She Shoots! She Scores!

Halla '24
What brought you to NJC?
HP: I initially came to NJC to play hockey in Switzerland. I had been living in Belgium for a year and the hockey opportunities were scarce and low quality.  When my father’s colleague told him about a Canadian high school in Switzerland that his children attended, we were immediately interested. Swiss hockey is very well known so we began to look into the school and the opportunities to play here.

How did you connect with the local team to play hockey? What has your experience been playing in a foreign country?

HP: We connected with the team by emailing the head coach and manager of the Neuchâtel Hockey Academy, letting him know about me, where I was from, and that I was considering attending NJC the next year and would like to play on his team. He invited me to a tryout for their women’s team in February of 2023, the winter before I would attend NJC, and it went amazingly; it was probably the most fun hockey I had since leaving Canada when I was 12. The coaches were very pleased with me and I was able to play for their second division team this year, constantly training with their first division team; however, I was unable to play with their first division team as I don’t have Swiss citizenship.
My experience playing hockey in a foreign country was nothing new, I lived in Germany for three years and Belgium for one, playing hockey in both countries, which means I know how to adapt to new environments and cultures. Making friends and meshing well with the team is always hard at first, but you learn to grow and love each other, and it was quite easy in Neuchâtel especially since I speak French. Playing hockey in new countries means you can travel, mature, grow as a person, and broaden your horizons and expectations of others. It’s not scary, it’s incredibly fruitful.
Tell us about your last game in Zurich. What happened? Why was it so important to you?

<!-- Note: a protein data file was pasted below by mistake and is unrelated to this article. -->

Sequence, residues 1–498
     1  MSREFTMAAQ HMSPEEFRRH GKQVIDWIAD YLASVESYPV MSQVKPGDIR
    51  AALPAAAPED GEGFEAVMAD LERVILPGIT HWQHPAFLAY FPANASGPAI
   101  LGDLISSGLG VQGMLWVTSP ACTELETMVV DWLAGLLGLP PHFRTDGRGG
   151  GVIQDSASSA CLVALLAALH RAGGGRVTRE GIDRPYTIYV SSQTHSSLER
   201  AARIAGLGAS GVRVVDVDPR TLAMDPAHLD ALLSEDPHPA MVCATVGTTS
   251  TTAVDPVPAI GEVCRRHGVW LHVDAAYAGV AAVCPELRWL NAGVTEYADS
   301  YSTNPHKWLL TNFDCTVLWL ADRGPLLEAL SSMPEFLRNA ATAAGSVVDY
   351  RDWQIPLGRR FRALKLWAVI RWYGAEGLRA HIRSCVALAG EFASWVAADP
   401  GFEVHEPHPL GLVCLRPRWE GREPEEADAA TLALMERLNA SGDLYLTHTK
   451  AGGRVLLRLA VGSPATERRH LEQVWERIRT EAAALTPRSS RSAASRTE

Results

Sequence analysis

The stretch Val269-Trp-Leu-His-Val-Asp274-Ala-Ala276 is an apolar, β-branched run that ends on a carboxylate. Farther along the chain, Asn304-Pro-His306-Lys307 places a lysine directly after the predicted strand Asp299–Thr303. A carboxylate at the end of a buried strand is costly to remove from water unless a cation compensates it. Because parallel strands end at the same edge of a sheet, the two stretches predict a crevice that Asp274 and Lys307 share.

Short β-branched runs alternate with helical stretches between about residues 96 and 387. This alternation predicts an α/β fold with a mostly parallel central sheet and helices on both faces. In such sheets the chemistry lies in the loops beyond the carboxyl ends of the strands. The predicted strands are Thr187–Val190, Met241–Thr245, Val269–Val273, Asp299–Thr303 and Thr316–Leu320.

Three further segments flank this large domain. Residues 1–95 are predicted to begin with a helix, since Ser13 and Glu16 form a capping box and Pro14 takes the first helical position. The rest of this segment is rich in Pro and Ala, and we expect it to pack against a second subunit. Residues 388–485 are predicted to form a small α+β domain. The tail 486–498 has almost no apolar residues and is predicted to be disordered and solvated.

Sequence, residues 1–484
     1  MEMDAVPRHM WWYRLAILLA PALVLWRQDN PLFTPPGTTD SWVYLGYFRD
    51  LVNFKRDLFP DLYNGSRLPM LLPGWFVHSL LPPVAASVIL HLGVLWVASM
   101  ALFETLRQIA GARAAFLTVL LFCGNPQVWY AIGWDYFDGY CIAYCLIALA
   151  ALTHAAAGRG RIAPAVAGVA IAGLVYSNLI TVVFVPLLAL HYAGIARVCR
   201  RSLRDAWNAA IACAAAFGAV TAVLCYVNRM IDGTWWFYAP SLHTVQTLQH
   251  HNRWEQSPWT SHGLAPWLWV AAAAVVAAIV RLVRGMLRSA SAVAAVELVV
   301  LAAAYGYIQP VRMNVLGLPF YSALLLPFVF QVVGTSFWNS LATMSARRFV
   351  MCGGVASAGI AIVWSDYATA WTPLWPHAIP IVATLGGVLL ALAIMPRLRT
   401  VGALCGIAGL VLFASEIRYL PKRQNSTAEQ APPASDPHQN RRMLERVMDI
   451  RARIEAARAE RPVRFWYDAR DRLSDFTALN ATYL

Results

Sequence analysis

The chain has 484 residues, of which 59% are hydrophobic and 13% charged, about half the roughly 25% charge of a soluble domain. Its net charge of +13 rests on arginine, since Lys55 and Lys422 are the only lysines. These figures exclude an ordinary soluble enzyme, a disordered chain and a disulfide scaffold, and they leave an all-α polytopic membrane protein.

HP: My last game in Zurich was probably the most memorable experience I have had in Neuchâtel. It was a friendly match that we arranged with Zurich's team, as we already had our last season match in Bern a couple of weeks before. We played in the Swiss Life Arena, the place where the Zurich men and women’s D1 teams play. Our team took a tour of the building, learned its history, and had a chance to watch the PFWL’s final match before our game. I also had the chance to see the statue and the stick of my mother’s very old friend, a Canadian hockey player from Manitoba who played his last games in Zurich before passing very young, which was so special to her. The whole team was ecstatic, most of us had never played in such a big arena, and at this point in the year we all felt like family, truly just enjoying one another’s company. In this game we won 9-0, with me scoring two goals and earning two assists which was a very special ending to our season. Everyone was having so much fun and playing in probably the most cohesive way we had all season.
This match was so important to me because it signified the end of my minor hockey career and the end of a great era on this team. I have been playing hockey competitively since I was four years old, and since leaving Canada I have played in over six countries with my teams. The success of this match was such a beautiful climax in my years playing hockey, and I felt proud of myself for all the hard work I have put into this sport, and my life. Of course, there were tears from me, and the other two foreigners that I have become very close with this year, a French girl, and an Italian girl who also moved to Neuchâtel just to play on this team. Finishing these 14 years of playing hockey with a rewarding match was the perfect way to end this time of my life.